Standoff between Russian and Ukraine troops spark traded accusations, threats

BY Justin Scuiletti and Joshua Barajas  March 3, 2014 at 4:21 PM EST

Updated 3:00 p.m. EST:

Amid his meeting with Israeli Prime Minister Benjamin Netanyahu, President Barack Obama made several remarks on the ongoing crisis in Ukraine, calling Russia’s advances in Crimea a violation of international law and Ukrainian sovereignty. Mr. Obama added: “My interest is seeing the Ukrainian people being able to determine their own destiny.”

Video by PBS NewsHour

Adding that Russia’s “on the wrong side of history,” Mr. Obama said that Russia had two paths going forward:

“The facts on the ground in Crimea are deeply troubling, and Russia has a large army that borders Ukraine.

But what is also true is that over time, this will be a costly proposition for Russia, and now’s the time for them to consider whether they can serve their interest in a way that resorts to diplomacy as opposed to force.

I’ve heard a lot of talk from Congress about what should be done, what they want to do. One thing they can do right away is to work with the administration to help provide a package of assistance to the Ukrainians, to the people and their government …

At this stage, there should be unanimity among Democrats and Republicans that when it comes to preserving the principle that no country has the right to send in troops into another country unprovoked, we should be able to come up with a unified position that stands outside of partisan politics.”

Updated 2:00 p.m. EST: In the latest in a string of criticisms against the Obama administration, Sen. John McCain, R-Ariz., blamed President Barack Obama’s “feckless” foreign policy for the mounting tensions in Ukraine.

“The president of the United States believes that the Cold War is over,” McCain told the pro-Israel group American Israel Public Affairs Committee, AIPAC, on Monday. “That’s fine, it is over, but Putin doesn’t believe it’s over.”

Video by the Associated Press

McCain continued: “Look at Moldova, look at the occupation of Georgia, look at the pressure on the Balkan nations. Look at what (Russians are) doing in assisting (Syrian President) Bashar Assad slaughter tens of thousands of innocent people in cities and towns and countryside all over Syria. It is an outrage.”

Updated 1:45 p.m. EST: Prior to his trip to Kiev, U.S. Secretary of State John Kerry said he was looking forward to a “very constructive conversation” about the situation in Ukraine.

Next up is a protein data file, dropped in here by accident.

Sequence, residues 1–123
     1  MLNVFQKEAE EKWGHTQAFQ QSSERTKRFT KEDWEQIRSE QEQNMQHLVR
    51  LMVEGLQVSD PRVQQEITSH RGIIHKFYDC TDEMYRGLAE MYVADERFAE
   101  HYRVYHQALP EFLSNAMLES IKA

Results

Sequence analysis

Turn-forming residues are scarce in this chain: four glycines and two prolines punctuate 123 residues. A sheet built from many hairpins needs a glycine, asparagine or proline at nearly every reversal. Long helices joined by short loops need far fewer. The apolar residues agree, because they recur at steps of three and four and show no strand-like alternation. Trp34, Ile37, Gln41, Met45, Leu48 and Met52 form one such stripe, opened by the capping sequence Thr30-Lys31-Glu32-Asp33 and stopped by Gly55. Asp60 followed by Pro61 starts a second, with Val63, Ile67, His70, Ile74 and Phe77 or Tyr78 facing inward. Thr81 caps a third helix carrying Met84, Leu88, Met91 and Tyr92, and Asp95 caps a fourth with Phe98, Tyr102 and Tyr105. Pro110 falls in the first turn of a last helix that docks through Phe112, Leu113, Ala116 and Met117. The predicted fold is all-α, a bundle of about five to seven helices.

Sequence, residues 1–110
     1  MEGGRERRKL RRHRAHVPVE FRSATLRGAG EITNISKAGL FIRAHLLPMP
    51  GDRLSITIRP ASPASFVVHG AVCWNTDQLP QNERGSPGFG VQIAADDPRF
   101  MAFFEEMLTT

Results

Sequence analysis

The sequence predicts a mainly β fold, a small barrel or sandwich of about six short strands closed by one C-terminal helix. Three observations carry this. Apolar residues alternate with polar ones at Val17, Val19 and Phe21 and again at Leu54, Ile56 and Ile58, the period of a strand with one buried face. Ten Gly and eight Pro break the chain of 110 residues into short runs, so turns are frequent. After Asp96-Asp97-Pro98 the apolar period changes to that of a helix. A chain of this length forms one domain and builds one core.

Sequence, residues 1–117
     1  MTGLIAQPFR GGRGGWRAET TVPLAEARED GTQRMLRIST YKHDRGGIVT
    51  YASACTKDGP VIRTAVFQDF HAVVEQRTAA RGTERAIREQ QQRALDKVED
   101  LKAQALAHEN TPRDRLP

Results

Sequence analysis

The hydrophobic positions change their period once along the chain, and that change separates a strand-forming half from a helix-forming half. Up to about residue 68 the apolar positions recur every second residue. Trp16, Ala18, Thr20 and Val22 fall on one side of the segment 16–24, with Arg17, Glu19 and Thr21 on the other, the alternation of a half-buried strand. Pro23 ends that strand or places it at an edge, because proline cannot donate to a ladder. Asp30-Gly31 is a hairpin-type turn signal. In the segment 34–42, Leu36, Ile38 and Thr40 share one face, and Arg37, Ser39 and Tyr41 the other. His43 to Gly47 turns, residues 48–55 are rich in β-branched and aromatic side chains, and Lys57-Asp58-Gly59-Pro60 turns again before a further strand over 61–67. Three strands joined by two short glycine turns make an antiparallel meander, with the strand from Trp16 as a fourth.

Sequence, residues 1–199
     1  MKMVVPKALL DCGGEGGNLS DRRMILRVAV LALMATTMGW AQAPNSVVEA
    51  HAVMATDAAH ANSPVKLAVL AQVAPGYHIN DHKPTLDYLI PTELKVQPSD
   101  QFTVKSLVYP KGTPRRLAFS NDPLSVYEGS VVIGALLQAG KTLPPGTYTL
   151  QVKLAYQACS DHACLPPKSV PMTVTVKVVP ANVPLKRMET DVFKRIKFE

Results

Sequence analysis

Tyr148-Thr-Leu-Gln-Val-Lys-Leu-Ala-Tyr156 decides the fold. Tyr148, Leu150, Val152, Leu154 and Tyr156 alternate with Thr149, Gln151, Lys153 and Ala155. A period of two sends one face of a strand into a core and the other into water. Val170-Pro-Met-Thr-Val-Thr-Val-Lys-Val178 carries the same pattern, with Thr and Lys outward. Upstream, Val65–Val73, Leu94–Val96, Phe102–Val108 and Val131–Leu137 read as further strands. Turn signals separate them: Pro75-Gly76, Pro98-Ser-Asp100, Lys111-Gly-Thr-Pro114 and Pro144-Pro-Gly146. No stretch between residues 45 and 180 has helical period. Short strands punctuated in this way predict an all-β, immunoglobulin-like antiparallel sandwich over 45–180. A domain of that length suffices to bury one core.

Video by PBS NewsHour

Accompanied by Moldovan prime minister Iurie Leanca, Kerry said, “I regret to say that Russia, in some of the challenges we’re seeing right now in Ukraine, has put pressure on Moldova” in regards to the country’s energy sources and ability to trade.

Moldova shares a border with southern Ukraine.


Original post follows:

The military standoff between Russia and Ukraine continued to raise tensions Monday in the peninsula of Crimea, as Russian troops and supporters blockaded Ukrainian army and naval forces and threats of ultimatums were levied.

Ukraine’s defense ministry spokesman Maksim Prauta said that two Ukranian ships were blocked from leaving the dock in Sevastopol harbor by four Russian navy ships Monday. Prauta, according to the Associated Press, accused Russia of issuing an ultimatum to the two naval vessels which stated that the ships needed to immediately surrender or be stormed and seized.

Russian defense ministry spokesman Vladimir Anikin called the reports of an ultimatum “total nonsense.”

On land, Russian troops currently control all Ukrainian border posts, in addition to all military facilities and a ferry terminal in Crimea. In an interview with the LA Times, Col. Sergei Stashenko, commander of Ukrainian forces at an army base in the city of Bakhchisarai, said that Russian officers have proposed that Ukrainian soldiers should take a Russian military oath, leave their weapons, surrender the base to Russian forces and travel home.

In a phone call with U.S. Vice President Joe Biden Monday, Russian Prime Minister Dmitry Medvedev defended the presence of Russian troops in Crimea. Medvedev’s press secretary said that during the call, which was initiated by the U.S., the prime minister stressed to Biden the need to “protect Ukrainian citizens, including in Crimea, as well as citizens of the Russian Federation located on the territory of Ukraine.”

Russian foreign minister Sergei Lavrov Monday defended the presence of troops in Crimea, saying that they were necessary “until the normalization of the political situation” in Crimea.

The U.S. and allies are currently >weighing sanctions on Moscow and deciding whether to increase defense preparations in Europe. Earlier Monday, the U.S. also pulled its presidential delegation to the Paralympic games in Sochi, Russia.